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OAK "Country Songs And Music" Musical Traditions MTCD327-8

An aural banquet! The Topic album Welcome To Our Fair from 1971 reissued at long last with extra live tracks from Club gigs to make a beautifully-packaged double CD. Oak were Tony Engle (uh, huh that one!) on anglo concertina, Danny Stradling on tambourine, Rod Stradling on melodeon and Peta Webb on fiddle. All sang, and they'd known each other since the mid-60s.Coming together in late 1970, and splitting in 1972, I saw them at Stainsby Festival that year. Their mesmerising performance resonates with me yet, tuning me in to English Country Music of a Walter Bulwer/Oscar Woods persuasion that had me, essentially a rock drummer spending an enjoyable five years playing for dances and song spots behind an enormous bass drum with triangles, wood blocks etc. - which is more than you need to know!

All Oak members had been absorbed by and in, the music and songs of the tradition as it still existed in the late 1960s and had spent hours in the company of players such as Scan Tester and Bob Cann and singers the like of Percy Webb and Phoebe Smith on their home territory quite apart from visiting real-thing guests seen at legendary eclectic Clubs, the Fighting Cocks and The Fox. Drawing on all the material they liked, this would have been the first time many of us had ever heard The New Rigged Ship/Rig-a-Jig-Jig set; I thought it quite experimental but then I'd never been to Suffolk!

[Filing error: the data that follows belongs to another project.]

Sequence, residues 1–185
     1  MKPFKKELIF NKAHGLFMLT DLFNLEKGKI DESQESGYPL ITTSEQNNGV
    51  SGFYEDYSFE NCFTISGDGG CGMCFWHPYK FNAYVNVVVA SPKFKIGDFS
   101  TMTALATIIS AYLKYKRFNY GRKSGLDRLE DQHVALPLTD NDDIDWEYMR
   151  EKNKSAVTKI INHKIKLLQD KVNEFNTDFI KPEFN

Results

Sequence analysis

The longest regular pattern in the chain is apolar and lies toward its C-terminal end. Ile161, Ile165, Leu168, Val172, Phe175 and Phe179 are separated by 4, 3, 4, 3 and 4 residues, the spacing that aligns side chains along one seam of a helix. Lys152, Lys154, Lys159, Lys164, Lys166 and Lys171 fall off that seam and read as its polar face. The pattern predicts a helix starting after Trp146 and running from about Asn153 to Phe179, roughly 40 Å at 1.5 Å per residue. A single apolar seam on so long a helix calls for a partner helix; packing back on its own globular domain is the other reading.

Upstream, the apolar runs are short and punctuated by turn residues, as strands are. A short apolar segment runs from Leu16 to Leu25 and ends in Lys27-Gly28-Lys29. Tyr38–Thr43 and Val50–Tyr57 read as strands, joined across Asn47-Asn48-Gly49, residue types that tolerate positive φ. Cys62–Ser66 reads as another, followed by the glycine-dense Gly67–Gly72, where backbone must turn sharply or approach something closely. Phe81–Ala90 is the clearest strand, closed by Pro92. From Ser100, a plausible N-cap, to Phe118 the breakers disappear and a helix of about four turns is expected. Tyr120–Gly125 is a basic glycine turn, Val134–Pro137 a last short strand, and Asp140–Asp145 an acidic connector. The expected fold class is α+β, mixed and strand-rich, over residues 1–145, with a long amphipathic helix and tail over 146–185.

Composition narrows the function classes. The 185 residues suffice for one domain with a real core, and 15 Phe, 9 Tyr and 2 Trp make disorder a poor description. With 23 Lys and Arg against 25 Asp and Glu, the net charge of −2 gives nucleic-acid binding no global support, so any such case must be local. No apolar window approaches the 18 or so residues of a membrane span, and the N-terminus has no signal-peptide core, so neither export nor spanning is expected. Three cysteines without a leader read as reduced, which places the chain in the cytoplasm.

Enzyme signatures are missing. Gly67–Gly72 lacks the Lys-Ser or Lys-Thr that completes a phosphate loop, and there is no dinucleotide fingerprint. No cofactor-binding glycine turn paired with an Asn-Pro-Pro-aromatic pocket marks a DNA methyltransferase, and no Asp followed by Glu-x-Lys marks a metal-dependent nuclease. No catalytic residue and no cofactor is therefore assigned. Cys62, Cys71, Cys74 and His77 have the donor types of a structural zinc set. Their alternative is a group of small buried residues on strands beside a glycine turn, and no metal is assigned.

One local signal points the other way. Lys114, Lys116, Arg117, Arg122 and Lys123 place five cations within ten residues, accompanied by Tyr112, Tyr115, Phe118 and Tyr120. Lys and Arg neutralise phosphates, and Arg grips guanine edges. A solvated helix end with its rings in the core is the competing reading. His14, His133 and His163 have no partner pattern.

A breath of fresh air and streets ahead at the time, this distinctive collection seems more relevant than ever and there's no disputing the roots authenticity of this immensely satisfying music. Danny's voice is perhaps a little strident for these ears but was there/is there any finer tambourine player since Motown's Jack Ashford!? To hear Peta sing Roving Around The County Tyrone (from northern Irish Traveller Lal Smith) remains utterly compelling and all in all this is vital stuff. Forget Sgt. Pepper, this record changed my life. It's substantial and it still works.

Clive Pownceby

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This album was reviewed in Issue 55 of The Living Tradition magazine.